D. A. CARSON
“We believe in God the Father Almighty, Maker of heaven and earth.” So begins what is universally called the Apostles’ Creed. Strictly speaking, it was not formulated by the apostles. It emerged in the second century. But it is called the Apostles’ Creed because the summary of what is given in the creed reflects the doctrine of the apostles, the doctrine of the New Testament in summary form. It’s an early Christian confession. But it is so early, and has been used so widely across Christian denominations all around the world, that it is one of the rare things that unites all Christians in common belief.
If you read it through carefully and slowly, you’ll see there’s explicit mention of the Father and of the Son and of the Holy Spirit, of creation, the virgin birth, the coming of Christ, his rising from the dead, who Christians are, what it means to have the Holy Spirit working within us, and so forth, all in very brief compass in words that millions and millions of Christians have either memorized or recite every Sunday or sometimes use as part of their private devotions.
It’s important to remember that creeds are shaped, at least in part, by the era in which they are formulated, not because the Bible changes, but because the questions that we ask of the Bible change just a wee bit from time to time. Other creedal statements, for example, that were made at the time of the Reformation in the sixteenth century ask and answer slightly different questions. But the Apostles’ Creed is regularly said by Christians all around the world because it was written so early that it was used before a lot of the later important doctrinal divisions set in. And within this framework, it very ably summarizes the gospel in just a few sentences. In some ways it is a kind of second-century attempt to recapitulate what we read, for example, in the opening verses of 1 Corinthians 15, which itself is a very simple creed. What is the gospel? Paul asks. Well, first, Christ died for our sins according to the Scriptures, and then various things are added and added and added until we have a summary of the great good news and its content—that God in the fullness of time sent forth his Son to die on the cross, rise from the dead, and bring to himself a vast number of the people that Paul calls the new humanity.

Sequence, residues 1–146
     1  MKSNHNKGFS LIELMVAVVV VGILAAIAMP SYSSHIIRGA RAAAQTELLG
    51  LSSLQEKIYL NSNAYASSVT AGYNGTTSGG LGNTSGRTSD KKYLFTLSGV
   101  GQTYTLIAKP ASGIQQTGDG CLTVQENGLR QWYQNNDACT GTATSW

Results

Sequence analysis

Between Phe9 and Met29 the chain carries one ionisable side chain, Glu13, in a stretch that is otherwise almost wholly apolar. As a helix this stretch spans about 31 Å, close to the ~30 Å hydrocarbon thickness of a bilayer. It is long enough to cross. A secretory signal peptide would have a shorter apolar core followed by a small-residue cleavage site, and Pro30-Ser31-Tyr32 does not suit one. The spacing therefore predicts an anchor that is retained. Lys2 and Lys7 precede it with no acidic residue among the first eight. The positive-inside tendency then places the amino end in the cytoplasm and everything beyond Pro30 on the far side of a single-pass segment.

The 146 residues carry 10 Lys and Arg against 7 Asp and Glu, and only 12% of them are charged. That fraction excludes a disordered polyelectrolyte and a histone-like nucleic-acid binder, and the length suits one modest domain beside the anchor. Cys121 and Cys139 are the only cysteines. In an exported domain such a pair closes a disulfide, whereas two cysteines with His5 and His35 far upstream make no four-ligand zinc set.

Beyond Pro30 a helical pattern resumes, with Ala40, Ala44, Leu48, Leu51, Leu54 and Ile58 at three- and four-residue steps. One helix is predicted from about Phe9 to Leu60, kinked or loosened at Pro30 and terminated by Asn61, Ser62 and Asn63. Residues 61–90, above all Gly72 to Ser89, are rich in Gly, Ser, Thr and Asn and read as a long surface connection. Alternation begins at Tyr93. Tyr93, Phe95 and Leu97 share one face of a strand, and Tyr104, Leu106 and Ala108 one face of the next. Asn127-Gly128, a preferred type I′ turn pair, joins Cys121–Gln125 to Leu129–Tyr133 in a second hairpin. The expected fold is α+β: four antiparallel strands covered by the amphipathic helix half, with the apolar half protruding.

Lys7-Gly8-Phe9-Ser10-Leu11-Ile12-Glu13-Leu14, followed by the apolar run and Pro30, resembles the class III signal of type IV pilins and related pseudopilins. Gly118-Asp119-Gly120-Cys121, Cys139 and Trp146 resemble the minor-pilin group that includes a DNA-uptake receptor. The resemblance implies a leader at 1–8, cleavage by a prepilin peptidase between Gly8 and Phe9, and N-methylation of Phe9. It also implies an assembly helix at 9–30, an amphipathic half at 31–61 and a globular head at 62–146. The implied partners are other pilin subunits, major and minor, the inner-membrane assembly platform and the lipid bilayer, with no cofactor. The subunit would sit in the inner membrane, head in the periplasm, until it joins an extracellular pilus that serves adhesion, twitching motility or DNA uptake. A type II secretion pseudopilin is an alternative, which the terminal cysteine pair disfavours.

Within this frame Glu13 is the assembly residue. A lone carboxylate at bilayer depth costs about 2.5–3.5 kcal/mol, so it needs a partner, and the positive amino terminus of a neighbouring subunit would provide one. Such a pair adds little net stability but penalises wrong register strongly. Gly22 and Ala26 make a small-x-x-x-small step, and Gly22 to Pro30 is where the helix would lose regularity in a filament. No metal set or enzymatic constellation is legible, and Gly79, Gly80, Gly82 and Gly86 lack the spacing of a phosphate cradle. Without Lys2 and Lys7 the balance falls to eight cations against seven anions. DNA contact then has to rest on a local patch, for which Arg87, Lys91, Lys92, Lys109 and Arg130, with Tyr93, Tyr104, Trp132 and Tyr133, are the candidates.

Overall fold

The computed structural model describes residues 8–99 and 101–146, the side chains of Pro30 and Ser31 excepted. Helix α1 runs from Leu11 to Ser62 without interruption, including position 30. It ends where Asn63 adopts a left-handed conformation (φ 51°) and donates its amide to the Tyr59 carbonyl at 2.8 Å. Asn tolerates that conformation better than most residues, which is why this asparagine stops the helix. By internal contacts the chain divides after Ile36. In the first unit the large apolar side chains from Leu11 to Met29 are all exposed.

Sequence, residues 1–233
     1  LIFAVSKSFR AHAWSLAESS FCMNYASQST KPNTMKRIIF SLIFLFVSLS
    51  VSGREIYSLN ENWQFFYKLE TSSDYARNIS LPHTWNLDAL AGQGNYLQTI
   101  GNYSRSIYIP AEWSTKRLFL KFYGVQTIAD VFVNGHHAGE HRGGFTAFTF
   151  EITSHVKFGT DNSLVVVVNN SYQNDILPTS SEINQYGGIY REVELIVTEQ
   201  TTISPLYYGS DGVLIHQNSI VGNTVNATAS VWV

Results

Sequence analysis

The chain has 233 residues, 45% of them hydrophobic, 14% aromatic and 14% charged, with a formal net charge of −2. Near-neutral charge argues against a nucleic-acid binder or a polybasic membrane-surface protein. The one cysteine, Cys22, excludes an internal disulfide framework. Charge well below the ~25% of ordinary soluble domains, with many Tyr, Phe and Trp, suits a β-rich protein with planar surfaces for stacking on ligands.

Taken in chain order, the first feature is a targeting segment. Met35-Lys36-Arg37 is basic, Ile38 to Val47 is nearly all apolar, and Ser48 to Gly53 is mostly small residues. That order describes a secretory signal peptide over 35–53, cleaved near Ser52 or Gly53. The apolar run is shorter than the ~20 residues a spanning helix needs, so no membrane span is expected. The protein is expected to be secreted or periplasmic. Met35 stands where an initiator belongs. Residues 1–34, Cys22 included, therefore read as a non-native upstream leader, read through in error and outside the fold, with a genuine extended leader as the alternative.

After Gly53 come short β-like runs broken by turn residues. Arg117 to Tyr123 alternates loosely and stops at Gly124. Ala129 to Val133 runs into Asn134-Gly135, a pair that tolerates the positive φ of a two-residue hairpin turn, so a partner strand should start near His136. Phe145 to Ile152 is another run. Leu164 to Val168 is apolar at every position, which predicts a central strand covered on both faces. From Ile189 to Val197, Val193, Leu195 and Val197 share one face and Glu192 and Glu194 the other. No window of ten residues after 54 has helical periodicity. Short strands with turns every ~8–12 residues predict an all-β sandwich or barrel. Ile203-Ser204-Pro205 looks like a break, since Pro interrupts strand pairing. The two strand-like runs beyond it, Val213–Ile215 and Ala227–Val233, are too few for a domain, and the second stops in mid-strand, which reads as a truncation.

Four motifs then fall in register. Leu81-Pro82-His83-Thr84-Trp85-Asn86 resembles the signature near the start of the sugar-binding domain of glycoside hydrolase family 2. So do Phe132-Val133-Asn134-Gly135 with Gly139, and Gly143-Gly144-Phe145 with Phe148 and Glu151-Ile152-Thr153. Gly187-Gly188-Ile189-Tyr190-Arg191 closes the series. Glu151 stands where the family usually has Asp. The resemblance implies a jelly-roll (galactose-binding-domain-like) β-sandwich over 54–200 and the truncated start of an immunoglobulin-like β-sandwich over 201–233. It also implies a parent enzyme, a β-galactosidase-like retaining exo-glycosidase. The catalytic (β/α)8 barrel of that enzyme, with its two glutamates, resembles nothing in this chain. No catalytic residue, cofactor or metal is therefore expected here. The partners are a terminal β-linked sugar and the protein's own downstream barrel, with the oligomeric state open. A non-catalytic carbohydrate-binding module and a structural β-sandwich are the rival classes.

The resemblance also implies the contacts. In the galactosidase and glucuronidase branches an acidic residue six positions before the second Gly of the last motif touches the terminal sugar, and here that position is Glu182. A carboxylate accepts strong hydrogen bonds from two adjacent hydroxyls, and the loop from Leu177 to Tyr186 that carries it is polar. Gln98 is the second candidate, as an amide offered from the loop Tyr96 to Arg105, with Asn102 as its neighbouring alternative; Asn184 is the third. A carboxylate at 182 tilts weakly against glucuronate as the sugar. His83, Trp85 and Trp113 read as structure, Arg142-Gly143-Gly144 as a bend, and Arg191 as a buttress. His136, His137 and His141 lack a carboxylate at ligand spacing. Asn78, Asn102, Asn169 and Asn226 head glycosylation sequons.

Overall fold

So when you gather for public worship on the Lord’s Day and recite the creed, remember that behind the mere words on the page are two thousand years of Christian history. The creed serves to link Christians across cultures and languages and space and time as together we say we believe in God the Father Almighty, Maker of heaven and earth.
But what is faith? Not an opinion, no more than it is a form of words; not any number of opinions put together, be they ever so true. A string of opinions is no more Christian faith, than a string of beads is Christian holiness. It is not an assent to any opinion, or any number of opinions. A man may assent to three, or three-and-twenty creeds: he may assent to all the Old and New Testament (at least, as far as he understands them) and yet have no Christian faith at all.
. . . Christian faith . . . is a divine evidence or conviction wrought in the heart, that God is reconciled to me through his Son; inseparably joined with a confidence in him, as a gracious reconciled Father, as for all things, so especially for all those good things which are invisible and eternal. To believe (in the Christian sense) is, then, to walk in the light of eternity; and to have a clear sight of, and confidence in, the Most High, reconciled to me through the Son of his love.